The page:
but it was wrong, and the need for it is past, and it's time for redress.
So, you found some pre-existing rules, used them as cover for your
problem, and now that your ~problem is fixed the pre-existing rules
shouldn't matter to anybody anymore?
Who said the problem is fixed?
Come on now, isn't it slightly
possible that those rules were pre-existing for reasons that have nothing
to do with you?
Man, did you get up on the wrong side of the world? Everything I've seen from you lately seems to be very acidic and bordering on intentionally insulting.
Can we try to have a decent intelligent discussion? More importantly, can't we have this discussion in a more appropriate place?
Alternatively (and what we have in the pre-existing rules) is to forbid
those characters entirely, so that nobody is forced to kautau to a
specific nationalized character set.
There is a solution for this problem. Use 32-bit character sets which are defined to include the entire collection of known character sets in all other languages on the planet.
But this means you have to have a flag day, unless you can come up with some way to also be backwards compatible. And so long as you're backwards compatible, you can't get rid of the legacy problems. So, you're right back where you started.
While that may feasible in protocol
commands and such, it's not feasible to mandate that /etc/hosts MUST
always use US-ASCII code-point values for characters that may not even
exist in the local nationalized charset.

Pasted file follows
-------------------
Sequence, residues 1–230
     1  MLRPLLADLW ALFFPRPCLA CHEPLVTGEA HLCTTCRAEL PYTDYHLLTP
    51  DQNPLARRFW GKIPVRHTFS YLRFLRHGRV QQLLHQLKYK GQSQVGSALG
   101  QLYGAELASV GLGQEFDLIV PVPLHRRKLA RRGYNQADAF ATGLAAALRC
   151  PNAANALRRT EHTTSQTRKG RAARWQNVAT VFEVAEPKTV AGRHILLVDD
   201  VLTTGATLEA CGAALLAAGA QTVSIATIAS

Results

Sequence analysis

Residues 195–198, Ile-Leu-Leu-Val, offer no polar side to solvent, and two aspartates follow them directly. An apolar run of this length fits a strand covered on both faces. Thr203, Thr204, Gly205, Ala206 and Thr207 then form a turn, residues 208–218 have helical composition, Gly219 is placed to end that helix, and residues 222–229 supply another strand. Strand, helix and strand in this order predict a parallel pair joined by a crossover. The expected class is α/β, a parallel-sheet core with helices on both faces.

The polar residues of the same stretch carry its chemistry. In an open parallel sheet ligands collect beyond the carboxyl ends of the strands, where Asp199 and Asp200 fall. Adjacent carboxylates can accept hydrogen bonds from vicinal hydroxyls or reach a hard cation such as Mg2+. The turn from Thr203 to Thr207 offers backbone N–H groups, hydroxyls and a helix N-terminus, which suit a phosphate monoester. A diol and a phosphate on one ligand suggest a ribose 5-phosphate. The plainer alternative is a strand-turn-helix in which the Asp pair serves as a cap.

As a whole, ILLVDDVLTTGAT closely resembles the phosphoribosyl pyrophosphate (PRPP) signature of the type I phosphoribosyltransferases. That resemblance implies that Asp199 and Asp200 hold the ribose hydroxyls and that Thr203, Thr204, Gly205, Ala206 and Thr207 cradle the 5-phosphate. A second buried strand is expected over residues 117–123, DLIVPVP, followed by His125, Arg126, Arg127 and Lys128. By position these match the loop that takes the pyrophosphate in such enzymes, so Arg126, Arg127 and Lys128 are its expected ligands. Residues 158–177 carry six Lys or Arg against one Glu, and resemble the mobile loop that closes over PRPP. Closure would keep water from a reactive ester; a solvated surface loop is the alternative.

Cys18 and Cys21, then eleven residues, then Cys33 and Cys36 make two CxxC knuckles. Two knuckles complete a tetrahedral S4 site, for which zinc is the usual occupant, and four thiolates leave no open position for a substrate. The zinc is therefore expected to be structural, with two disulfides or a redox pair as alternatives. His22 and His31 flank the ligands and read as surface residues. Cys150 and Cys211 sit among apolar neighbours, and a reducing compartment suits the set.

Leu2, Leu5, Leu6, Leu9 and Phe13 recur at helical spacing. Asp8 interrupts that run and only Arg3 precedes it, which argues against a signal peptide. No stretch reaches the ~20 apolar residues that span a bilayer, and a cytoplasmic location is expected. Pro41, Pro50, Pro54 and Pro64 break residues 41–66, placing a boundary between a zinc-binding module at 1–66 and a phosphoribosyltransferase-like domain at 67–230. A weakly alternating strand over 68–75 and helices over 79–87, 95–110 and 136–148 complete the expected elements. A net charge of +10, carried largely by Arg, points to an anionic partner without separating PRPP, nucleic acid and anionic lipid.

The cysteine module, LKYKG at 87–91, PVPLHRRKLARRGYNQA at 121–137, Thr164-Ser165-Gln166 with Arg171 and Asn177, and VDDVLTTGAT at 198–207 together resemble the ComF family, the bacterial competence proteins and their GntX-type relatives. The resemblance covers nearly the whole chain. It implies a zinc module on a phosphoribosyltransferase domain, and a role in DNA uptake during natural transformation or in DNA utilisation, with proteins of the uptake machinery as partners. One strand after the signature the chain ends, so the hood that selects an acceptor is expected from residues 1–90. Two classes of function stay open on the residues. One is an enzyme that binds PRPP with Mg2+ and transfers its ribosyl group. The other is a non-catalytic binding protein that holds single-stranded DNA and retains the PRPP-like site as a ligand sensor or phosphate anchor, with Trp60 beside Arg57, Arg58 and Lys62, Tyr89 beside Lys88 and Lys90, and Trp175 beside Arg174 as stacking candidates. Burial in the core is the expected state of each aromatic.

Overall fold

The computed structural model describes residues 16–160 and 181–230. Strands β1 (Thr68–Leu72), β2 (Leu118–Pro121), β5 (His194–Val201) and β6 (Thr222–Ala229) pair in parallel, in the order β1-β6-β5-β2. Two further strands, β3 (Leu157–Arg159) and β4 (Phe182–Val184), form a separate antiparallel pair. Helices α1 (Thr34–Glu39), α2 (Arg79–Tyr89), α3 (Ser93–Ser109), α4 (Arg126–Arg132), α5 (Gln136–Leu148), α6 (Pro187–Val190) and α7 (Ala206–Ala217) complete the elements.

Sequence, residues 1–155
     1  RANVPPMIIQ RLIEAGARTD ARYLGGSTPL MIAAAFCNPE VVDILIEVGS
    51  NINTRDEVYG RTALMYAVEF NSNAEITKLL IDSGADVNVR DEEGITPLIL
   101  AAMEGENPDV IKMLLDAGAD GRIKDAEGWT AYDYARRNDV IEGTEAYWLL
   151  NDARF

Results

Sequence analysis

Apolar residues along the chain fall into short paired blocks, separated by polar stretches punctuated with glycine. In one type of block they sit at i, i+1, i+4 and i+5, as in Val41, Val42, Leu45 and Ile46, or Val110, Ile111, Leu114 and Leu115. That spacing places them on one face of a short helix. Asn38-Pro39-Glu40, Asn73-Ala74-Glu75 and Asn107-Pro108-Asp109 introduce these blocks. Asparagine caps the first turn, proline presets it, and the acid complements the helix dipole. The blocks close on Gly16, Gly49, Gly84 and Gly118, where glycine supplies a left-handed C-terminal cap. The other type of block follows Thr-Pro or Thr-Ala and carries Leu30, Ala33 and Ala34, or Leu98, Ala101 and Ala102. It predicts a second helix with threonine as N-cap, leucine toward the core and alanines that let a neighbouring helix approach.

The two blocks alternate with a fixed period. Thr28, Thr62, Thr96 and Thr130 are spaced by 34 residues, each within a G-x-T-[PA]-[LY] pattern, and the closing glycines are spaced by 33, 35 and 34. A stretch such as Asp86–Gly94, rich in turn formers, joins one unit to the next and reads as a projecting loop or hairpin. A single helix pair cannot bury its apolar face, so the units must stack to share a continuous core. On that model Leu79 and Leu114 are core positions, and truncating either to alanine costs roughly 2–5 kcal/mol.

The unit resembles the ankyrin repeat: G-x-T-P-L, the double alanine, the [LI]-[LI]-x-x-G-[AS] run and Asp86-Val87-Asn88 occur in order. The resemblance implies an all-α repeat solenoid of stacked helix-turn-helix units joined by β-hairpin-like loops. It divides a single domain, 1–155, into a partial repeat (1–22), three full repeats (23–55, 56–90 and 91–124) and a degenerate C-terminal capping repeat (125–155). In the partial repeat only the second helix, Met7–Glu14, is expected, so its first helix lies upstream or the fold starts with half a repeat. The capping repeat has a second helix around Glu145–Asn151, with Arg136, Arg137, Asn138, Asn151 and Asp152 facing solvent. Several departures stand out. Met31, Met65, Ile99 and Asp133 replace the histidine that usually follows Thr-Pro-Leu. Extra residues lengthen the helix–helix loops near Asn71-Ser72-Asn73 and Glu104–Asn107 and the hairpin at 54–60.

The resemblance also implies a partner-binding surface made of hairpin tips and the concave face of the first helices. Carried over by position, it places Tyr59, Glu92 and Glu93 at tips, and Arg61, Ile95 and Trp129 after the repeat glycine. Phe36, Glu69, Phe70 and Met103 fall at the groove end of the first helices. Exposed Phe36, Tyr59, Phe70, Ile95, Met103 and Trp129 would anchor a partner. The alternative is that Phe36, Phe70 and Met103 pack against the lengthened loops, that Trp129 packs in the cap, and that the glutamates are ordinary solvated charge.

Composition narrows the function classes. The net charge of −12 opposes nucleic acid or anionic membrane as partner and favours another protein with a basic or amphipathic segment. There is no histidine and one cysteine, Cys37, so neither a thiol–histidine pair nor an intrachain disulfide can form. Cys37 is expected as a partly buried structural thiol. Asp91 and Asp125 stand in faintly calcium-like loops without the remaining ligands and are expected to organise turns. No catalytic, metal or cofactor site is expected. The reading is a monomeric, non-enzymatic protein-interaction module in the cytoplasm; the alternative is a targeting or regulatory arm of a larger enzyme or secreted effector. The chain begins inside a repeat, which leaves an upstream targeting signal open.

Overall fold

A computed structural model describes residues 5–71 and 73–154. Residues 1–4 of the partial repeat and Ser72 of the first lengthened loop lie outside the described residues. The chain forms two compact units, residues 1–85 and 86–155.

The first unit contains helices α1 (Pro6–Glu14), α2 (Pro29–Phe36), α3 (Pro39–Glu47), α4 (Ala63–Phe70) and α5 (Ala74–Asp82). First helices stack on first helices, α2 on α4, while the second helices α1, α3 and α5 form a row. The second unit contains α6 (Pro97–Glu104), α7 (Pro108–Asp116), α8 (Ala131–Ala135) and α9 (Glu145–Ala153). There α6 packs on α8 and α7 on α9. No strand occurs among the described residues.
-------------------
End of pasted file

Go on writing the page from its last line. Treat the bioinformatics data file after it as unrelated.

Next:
The problem is that /etc/hosts is a 30 year old solution, and we knew twenty years ago that it didn't properly solve the problem, and didn't solve it in the right way. So long as you're going to call it /etc/hosts, I don't see how you can change the character set.
Really, spend some time with the
ECMA derivative sets and you'll see what I mean--there are characters in
some of them that aren't in the others, or they are misplaced, or they are
defined as alternates, and so forth.
I live in Belgium. Been there, seen that. Exchanging one country-specific character set for another is not a solution. You need a more over-arching solution that is equally applicable everywhere.
I'm glad you fixed your problem, but really, this isn't about DNS, it is
about universal representation of hostnames despite the media that is used
to convey those names.
A standalone machine is worthless. In fact, the definition of a truly secure machine is one that is completely isolated from every other machine on the planet. And if that machine is going to be connected to others, you have to talk about representational issues, which means the DNS.
Like it or not, when you talk about hostnames, you must also talk about DNS.
Now, can we please take this discussion to a more appropriate place?